Angular Query Core Concepts

Moon Eclipse by Jongsun Lee

Thursday, 25 January 2024 • 📚 11 min read • back to Blogedit on Github

This post introduces Angular Query to Angular Developers: why you should care, what is the mental model, how it works and how your applications can benefit from it.

This is the start of an entire series on Angular Query. Expect more articles about it 💪

Follow Angular Query on twitter.

Table of Contents

TL;DR; - Introduction to Angular Query

Angular Query is a state management library highly specialized in synchronizing the server data with client applications. It does this one thing - but does it very well. It removes all concepts and abstractions that are not necessary to accomplish this job. As a consequence, developers become more productive

If your application includes lots of data-tables, grids, listings and other "widgets" which fetch and display server data - you must give Angular Query a try.

Disclaimer 1: experimental

Angular Query is in experimental phase (npm), though it's expected to land a stable release very soon. The current improvements (which I'm a small part of 😍) include providing the most convenient Angular-specific APIs to Angular developers.

However, all the concepts behind Query (core), React Query, Angular Query (and other adapters as well) remain exactly the same. The differences lie only in framework-specific adapters (such as React hooks, Angular signals, etc).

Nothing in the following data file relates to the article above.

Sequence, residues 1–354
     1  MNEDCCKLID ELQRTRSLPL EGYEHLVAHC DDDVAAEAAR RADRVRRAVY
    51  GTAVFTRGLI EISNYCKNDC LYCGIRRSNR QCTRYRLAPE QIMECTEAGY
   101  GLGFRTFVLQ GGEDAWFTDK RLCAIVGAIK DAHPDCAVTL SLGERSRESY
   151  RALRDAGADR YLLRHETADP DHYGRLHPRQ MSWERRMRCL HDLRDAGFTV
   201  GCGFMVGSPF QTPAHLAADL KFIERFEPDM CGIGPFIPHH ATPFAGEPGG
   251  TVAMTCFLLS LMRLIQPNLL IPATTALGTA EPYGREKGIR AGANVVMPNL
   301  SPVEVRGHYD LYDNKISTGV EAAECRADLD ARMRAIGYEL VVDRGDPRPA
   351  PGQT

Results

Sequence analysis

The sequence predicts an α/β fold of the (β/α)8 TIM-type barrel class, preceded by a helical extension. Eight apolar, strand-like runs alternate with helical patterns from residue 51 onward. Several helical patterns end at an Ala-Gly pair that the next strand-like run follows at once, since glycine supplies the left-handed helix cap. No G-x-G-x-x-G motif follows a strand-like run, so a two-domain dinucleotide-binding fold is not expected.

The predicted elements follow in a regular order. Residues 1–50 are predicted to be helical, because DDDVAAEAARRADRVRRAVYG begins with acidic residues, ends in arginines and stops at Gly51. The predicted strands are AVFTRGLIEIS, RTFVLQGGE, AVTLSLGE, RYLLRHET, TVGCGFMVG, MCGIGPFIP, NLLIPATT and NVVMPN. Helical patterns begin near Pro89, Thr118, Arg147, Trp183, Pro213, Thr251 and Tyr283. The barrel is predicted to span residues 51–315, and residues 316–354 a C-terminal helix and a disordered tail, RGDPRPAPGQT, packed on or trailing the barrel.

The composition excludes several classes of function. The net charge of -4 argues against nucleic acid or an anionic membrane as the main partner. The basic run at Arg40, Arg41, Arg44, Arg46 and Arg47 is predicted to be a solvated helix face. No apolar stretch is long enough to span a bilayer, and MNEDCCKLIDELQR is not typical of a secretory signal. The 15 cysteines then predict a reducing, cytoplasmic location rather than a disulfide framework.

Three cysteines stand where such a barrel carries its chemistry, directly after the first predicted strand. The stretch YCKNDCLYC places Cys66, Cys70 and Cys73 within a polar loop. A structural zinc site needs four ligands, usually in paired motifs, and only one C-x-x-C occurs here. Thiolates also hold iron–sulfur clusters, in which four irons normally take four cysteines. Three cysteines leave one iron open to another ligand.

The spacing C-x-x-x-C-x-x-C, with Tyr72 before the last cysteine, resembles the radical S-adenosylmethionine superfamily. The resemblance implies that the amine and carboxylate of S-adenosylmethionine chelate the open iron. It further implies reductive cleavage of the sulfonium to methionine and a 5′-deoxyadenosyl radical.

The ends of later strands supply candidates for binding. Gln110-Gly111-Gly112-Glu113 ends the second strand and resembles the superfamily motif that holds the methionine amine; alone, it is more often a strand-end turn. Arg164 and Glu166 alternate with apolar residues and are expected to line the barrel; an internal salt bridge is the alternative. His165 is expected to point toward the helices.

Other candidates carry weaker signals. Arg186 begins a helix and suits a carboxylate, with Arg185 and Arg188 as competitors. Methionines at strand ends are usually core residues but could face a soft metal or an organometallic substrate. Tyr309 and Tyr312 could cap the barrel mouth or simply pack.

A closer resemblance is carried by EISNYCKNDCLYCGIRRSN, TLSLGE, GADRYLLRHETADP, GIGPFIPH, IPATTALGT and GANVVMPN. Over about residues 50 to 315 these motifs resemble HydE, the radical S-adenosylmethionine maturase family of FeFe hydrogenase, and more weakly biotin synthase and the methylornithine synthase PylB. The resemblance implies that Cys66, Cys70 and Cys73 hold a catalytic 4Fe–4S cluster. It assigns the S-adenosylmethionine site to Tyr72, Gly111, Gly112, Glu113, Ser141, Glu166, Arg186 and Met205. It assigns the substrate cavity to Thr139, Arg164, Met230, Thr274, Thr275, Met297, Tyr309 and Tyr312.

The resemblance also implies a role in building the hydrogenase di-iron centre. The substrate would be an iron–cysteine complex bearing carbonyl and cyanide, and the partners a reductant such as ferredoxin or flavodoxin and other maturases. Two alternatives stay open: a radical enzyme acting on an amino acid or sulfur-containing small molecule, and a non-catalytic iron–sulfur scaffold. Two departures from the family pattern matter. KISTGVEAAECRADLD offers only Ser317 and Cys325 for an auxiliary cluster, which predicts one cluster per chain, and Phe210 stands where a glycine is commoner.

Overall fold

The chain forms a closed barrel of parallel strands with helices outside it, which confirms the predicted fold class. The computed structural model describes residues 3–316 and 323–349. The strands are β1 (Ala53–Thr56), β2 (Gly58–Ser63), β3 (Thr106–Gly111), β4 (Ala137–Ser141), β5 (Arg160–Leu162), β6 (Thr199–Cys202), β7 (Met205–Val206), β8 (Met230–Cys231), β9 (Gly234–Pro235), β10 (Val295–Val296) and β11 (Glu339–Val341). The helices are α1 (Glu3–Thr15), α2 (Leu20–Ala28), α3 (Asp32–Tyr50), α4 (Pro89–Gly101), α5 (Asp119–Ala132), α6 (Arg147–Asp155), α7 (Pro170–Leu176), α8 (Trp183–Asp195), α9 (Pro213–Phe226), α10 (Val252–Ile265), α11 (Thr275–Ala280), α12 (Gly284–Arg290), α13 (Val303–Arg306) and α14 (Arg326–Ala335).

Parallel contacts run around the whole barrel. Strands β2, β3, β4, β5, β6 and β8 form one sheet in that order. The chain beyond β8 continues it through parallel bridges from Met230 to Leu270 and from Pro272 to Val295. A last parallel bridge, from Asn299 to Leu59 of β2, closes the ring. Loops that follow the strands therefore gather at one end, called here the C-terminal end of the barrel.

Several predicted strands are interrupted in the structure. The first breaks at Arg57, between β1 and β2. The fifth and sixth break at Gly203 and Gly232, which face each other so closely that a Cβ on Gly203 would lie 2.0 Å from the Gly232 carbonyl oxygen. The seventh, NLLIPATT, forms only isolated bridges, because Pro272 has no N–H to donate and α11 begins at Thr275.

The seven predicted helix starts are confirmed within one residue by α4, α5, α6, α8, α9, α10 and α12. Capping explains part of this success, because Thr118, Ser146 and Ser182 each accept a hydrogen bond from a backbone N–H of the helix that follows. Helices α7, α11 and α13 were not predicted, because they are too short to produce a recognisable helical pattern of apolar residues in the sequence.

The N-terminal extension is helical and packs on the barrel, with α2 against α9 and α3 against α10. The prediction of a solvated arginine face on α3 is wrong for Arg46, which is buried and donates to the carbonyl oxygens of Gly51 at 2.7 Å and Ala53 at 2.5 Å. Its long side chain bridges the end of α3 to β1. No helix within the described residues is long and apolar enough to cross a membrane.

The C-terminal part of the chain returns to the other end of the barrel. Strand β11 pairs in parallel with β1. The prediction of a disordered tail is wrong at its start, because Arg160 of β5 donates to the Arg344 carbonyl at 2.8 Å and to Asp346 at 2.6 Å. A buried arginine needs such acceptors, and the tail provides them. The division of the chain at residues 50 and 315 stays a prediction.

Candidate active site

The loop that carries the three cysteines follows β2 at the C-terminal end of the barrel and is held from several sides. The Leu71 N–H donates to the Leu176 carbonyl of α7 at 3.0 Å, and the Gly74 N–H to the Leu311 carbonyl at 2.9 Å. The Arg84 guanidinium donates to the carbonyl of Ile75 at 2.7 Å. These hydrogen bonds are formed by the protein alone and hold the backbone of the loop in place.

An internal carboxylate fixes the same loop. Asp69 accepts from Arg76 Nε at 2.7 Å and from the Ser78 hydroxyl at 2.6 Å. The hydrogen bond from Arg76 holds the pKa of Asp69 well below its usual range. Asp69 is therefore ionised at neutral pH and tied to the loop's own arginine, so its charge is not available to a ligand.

This post is just the first part of a long series I'm working on 🙃. Once the stable version is released, the content will get updated accordingly.

Disclaimer 2: @ngneat/query

Oh, wait, but there already is @ngneat/query. Why would anybody create yet another library?

The answer is simple: the libraries are very similar to each other, serve the same purpose etc. But @ngneat/query creators decided, by design, to diverge from the core Tanstack Query codebase. Angular Query, on the other hand, is part of the Query monorepo and will get all (core) updates instantly. On one hand it's super cool (get all updates immediately), however on the other hand it introduces limitations (cannot move away from core too much). A classical example of an architectural tradeoff. Ngneat team chose more freedom at the cost of moving away, we chose being in-sync (at the cost of adjusting to the core API).

More detailed reasoning has been brought by Dominik here.

Why would you even care

I'm convincing you that you should invest your time in learning Angular Query, as it will become one of the most important state management solutions within the ecosystem. If not the most important.